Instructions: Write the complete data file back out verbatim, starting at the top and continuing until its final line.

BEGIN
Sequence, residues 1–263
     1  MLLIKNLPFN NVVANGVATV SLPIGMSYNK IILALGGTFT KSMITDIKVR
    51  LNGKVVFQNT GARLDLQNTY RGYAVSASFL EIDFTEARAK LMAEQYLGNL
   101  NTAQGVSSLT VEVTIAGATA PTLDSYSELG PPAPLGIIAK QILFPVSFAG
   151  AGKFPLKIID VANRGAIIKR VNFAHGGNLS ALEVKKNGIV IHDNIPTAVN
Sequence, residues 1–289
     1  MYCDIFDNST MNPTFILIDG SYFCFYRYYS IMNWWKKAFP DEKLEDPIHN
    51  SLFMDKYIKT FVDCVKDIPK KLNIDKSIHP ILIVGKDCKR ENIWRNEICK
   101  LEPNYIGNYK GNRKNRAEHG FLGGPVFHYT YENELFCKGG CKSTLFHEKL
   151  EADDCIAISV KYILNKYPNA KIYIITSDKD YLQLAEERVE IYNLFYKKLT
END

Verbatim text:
Sequence, residues 1–263
     1  MLLIKNLPFN NVVANGVATV SLPIGMSYNK IILALGGTFT KSMITDIKVR
    51  LNGKVVFQNT GARLDLQNTY RGYAVSASFL EIDFTEARAK LMAEQYLGNL
   101  NTAQGVSSLT VEVTIAGATA PTLDSYSELG PPAPLGIIAK QILFPVSFAG
   151  AGKFPLKIID VANRGAIIKR VNFAHGGNLS ALEVKKNGIV IHDNIPTAVN
Sequence, residues 1–289
     1  MYCDIFDNST MNPTFILIDG SYFCFYRYYS IMNWWKKAFP DEKLEDPIHN
    51  SLFMDKYIKT FVDCVKDIPK KLNIDKSIHP ILIVGKDCKR ENIWRNEICK
   101  LEPNYIGNYK GNRKNRAEHG FLGGPVFHYT YENELFCKGG CKSTLFHEKL
   151  EADDCIAISV KYILNKYPNA KIYIITSDKD YLQLAEERVE IYNLFYKKLT